where the elements are functions of the unknowns . The above equation describes a family of linear system and the

A classical scheme for finding the enclosure is to use an interval
variant of the *Gauss elimination* scheme [18].

When the unknowns lie in given ranges we may compute an interval
evaluation of and an interval evaluation
of .
The Gauss elimination scheme may be written as [18]

(7.2) | |||

(7.3) |

The enclosure of the variable can then be obtained from by

(7.4) |

A drawback of this scheme is that the family of linear systems that will be obtained for all instances of is usually a subset of the family of linear systems defined by , , as we do not take into account the dependency of the elements of . Furthermore the calculation in the scheme involves products, sums and ratio of elements of and their direct interval evaluation again do not take into account the dependency between the elements. Hence a direct application of the Gauss scheme will usually lead to an overestimation of the enclosure.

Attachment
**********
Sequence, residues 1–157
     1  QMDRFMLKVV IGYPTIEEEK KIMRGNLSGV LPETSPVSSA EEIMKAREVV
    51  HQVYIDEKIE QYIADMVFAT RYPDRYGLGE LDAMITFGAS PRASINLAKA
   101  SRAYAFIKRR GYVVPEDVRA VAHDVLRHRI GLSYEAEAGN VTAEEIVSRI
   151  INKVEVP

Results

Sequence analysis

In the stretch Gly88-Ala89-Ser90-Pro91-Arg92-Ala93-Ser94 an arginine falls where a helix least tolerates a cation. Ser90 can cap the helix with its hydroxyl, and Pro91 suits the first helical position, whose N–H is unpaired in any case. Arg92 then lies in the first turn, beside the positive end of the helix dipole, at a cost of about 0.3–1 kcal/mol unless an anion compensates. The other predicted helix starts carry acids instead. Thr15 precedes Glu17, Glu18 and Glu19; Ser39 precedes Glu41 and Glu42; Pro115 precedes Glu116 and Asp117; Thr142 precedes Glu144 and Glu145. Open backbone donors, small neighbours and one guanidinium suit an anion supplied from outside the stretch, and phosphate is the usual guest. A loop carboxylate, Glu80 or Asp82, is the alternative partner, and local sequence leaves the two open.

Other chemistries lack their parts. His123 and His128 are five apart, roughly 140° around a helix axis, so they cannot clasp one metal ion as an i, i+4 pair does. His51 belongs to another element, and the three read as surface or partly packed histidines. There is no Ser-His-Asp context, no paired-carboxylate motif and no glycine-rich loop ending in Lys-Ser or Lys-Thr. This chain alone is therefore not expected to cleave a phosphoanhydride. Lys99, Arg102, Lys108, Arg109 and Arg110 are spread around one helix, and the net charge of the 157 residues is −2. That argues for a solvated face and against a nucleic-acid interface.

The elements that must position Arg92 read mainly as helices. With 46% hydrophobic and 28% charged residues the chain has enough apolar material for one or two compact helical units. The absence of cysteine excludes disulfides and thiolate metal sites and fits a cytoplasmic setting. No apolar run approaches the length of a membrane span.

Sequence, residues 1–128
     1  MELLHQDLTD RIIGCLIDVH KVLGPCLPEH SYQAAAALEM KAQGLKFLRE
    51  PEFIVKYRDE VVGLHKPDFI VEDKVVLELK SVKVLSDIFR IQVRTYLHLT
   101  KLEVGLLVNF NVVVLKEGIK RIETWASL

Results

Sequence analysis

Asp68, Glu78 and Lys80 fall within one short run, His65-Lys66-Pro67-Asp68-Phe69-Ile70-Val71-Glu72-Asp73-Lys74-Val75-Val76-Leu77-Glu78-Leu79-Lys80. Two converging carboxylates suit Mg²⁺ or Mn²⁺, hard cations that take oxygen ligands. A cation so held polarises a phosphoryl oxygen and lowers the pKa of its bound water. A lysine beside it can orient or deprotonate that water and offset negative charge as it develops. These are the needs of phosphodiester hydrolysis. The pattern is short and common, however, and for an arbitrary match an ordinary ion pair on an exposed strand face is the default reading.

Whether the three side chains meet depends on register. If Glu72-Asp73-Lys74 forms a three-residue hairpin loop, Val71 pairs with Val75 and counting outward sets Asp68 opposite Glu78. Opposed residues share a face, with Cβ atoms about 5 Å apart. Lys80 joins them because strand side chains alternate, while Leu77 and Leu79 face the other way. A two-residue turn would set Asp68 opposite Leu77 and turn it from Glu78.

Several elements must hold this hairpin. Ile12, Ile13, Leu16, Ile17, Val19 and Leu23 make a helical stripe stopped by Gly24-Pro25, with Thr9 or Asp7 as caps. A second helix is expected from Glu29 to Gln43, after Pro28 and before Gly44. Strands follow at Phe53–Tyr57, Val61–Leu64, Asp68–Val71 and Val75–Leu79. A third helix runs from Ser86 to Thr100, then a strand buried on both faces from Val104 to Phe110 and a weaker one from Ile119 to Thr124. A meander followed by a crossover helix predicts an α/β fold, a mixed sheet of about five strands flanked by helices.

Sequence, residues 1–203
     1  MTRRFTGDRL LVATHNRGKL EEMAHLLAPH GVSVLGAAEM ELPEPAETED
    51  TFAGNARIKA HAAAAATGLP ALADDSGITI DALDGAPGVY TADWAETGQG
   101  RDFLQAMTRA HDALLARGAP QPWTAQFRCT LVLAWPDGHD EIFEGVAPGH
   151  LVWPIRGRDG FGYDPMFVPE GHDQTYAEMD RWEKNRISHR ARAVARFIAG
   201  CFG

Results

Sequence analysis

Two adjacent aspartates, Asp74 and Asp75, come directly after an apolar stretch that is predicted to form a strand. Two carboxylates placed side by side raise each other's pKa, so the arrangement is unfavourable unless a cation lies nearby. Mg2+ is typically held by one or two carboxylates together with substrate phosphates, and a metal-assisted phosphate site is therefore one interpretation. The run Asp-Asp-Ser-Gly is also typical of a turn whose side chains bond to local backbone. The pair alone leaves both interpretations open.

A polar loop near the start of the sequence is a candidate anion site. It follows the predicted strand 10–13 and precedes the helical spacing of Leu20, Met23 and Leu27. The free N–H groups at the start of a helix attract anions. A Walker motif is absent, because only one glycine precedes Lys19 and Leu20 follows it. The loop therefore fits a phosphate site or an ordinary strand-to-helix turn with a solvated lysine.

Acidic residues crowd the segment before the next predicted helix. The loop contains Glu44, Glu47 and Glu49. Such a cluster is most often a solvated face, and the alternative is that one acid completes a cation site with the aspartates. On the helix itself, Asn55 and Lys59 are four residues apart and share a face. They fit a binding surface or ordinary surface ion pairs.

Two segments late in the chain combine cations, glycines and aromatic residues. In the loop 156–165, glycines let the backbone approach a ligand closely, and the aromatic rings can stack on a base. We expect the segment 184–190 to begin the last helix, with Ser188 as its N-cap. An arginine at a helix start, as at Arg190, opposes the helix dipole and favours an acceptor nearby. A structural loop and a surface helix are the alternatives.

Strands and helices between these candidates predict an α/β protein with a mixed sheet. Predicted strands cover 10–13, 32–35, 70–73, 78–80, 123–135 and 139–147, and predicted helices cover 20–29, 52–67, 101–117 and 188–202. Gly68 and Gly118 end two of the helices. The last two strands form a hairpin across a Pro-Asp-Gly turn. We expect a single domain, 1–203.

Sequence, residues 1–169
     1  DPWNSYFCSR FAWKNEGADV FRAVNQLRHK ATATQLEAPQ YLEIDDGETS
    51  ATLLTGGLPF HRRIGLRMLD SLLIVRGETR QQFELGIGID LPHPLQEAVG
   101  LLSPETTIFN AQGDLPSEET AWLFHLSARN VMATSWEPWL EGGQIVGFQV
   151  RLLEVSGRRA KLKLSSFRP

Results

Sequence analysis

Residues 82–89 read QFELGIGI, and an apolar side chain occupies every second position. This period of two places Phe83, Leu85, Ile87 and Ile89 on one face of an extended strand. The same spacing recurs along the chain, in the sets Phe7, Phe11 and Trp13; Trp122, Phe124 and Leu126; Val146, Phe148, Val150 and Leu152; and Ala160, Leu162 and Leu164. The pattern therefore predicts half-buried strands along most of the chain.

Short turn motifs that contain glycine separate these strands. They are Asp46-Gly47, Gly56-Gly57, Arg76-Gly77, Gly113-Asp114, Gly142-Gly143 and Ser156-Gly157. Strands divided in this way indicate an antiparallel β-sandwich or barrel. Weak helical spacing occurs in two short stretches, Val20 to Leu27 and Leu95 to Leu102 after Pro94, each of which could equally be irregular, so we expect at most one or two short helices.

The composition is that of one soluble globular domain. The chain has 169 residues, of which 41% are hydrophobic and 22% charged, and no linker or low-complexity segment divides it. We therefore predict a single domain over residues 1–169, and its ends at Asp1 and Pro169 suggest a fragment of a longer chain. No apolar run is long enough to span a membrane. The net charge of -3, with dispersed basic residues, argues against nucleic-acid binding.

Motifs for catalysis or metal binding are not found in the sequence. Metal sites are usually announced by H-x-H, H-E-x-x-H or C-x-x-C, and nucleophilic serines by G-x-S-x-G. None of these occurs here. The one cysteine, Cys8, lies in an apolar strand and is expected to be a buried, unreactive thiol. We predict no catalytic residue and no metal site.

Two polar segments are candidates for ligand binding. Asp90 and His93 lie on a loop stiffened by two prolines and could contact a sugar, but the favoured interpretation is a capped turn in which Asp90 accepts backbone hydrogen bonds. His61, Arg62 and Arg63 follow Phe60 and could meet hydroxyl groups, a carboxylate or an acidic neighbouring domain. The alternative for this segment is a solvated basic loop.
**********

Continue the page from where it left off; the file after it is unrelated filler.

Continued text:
A possible method to reduce this overestimation is to consider the
system

where is an arbitrary matrix. The above system has the same solutions than the system (7.1) but for some matrix the enclosure of the above interval system may be included in the enclosure obtained by the Gauss elimination scheme on the initial system: this is called a

But even with a possible good the dependency between the elements of are not taken into account and hence the overestimation of the enclosure may be large.

A first possible way to reduce this overestimation is to improve the
interval evaluation of , by using the
derivatives of their elements with respect to
and the procedure described in
section 2.4.2.3. Note that the procedures necessary to compute
the elements of , and their derivatives may
be obtained by using the `MakeF, MakeJ` procedures of
ALIAS-maple.

But to improve the efficiency of the procedure it must be noticed that at iteration an interval evaluation of the derivatives of with respect to may be deduced for the derivatives of the elements computed at iteration . As we have the derivatives of the elements at iteration 0 we may then deduce the derivatives of the elements at any iteration and use these derivatives to improve the interval evaluation of these elements (see sections 2.4.1.1 and 2.4.2.3).